New Delhi: The Supreme Court on Friday quashed an Allahabad High Court which had restrained the media from reporting on troop movement in the country.
A Bench of Justices HL Dattu and CK Prasad quashed the HC verdict while hearing an appeal by the Press Council of India (PCI) against the Allahabad HC order.
On April 10, the High Court bench of justices Uma Nath Singh and Virendra Kumar Dixit had directed various Central and state government authorities "to ensure that there is no reporting / release of any news item by the print or electronic media, namely the movement of troops."
The directions were given to the Union Home Secretary, the Information and Broadcasting Secretary and the Principal Secretary (Home) of the Uttar Pradesh government.
The petition filed through PCI Chairman and former apex court judge Markandeya Katju's office, had submitted that the order was in violation of the fundamental right under Article 19(1) (a) of the Constitution, granted to the media and every citizen of the country.
The HC order had come on a PIL filed by a social activist relating to a report in The Indian Express on April 4, 2012. The report pertained to purported movements of some Army troops towards New Delhi.
Katju had earlier said, "With great respect to the High Court, I am of the opinion that its order is not correct. The media has a fundamental right under Article 19(1) (a) of the Constitution to make such publication, as it did not endanger national security.”
Katju had also maintained that the Indian Army is not a colonial army, but the army of the Indian people who pay the taxes for the entire Defence Budget.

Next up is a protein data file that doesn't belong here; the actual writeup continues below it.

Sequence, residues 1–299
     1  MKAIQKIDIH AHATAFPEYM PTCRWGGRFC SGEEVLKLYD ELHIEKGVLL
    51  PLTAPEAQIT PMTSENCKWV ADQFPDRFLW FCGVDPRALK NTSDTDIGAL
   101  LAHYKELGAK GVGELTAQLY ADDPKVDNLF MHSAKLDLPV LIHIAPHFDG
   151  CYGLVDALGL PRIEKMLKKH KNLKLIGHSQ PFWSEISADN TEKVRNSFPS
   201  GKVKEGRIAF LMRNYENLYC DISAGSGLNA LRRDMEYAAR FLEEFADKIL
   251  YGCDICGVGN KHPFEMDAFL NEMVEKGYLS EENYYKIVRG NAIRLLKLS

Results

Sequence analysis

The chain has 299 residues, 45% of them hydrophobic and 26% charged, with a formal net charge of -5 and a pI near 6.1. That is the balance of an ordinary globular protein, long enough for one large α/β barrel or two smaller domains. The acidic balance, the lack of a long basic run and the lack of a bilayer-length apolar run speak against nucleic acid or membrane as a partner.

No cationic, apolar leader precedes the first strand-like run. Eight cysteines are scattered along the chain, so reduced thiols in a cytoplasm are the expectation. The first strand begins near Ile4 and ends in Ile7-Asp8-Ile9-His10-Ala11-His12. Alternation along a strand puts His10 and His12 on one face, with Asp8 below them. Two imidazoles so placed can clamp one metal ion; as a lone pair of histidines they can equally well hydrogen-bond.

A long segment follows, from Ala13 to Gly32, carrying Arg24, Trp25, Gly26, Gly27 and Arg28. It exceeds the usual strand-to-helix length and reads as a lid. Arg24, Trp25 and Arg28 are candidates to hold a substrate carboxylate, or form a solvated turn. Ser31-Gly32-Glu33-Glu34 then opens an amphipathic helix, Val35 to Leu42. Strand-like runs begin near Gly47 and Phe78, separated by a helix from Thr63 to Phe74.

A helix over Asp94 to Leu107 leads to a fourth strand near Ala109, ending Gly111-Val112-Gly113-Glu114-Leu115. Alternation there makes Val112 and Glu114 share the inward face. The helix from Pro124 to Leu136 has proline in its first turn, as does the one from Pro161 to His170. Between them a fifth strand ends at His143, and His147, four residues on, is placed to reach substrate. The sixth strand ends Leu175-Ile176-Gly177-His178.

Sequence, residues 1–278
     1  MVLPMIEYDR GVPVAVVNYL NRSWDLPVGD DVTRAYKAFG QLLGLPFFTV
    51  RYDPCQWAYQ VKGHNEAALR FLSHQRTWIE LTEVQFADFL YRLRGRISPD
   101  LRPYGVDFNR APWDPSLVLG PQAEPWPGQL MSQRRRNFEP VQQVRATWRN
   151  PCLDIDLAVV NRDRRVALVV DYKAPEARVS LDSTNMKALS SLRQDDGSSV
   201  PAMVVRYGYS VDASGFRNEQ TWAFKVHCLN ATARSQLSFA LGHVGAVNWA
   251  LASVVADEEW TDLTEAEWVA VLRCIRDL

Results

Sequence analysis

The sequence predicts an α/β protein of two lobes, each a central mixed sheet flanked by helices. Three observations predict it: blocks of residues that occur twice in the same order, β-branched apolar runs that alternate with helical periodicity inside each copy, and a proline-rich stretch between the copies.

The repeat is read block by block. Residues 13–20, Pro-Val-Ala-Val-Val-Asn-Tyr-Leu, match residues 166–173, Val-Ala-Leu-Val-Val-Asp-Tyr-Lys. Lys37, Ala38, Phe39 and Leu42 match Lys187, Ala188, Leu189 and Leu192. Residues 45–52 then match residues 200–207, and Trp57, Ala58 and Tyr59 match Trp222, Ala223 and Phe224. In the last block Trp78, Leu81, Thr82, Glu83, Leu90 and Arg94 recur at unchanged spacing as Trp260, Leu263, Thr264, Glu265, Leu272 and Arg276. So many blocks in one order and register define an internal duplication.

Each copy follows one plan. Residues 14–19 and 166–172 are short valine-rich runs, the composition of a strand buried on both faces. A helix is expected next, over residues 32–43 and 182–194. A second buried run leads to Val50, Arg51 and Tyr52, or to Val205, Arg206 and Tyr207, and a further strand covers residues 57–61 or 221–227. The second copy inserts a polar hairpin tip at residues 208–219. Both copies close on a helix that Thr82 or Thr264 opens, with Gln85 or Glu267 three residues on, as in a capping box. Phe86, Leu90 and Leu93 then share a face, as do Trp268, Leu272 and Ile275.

"Hence the people of India have a right to know about Army affairs, except where that may compromise national security. The media did an excellent job in exposing the Adarsh and Sukhna scams in which senior Army officers were involved, and they were well within their right under Article 19(1) (a) to do so,” the PCI chairman had said
Katju's contention is that such reporting can be prohibited only near the border and during war times. "However, in my opinion there can be no general prohibition on reporting of all troop movements," he said.
The allegation in 'The Indian Express' report was that there was some convention written or unwritten, that troop movements towards Delhi should not take place without notifying and getting consent of the government which was not done, he said.
"The further allegation was that this caused panic among the civil authorities, and the troop movement was abruptly stopped," he added.
The PCI chief said 'The Indian Express' is not a fly-by-night newspaper, but a responsible one.
"They (Express) took 11 weeks to complete the investigation of the reported troop investigation before deciding to publish the report. Hence, I do not see how they can be faulted," he further added.
(With Agency inputs)
First Published: Friday, September 14, 2012, 11:46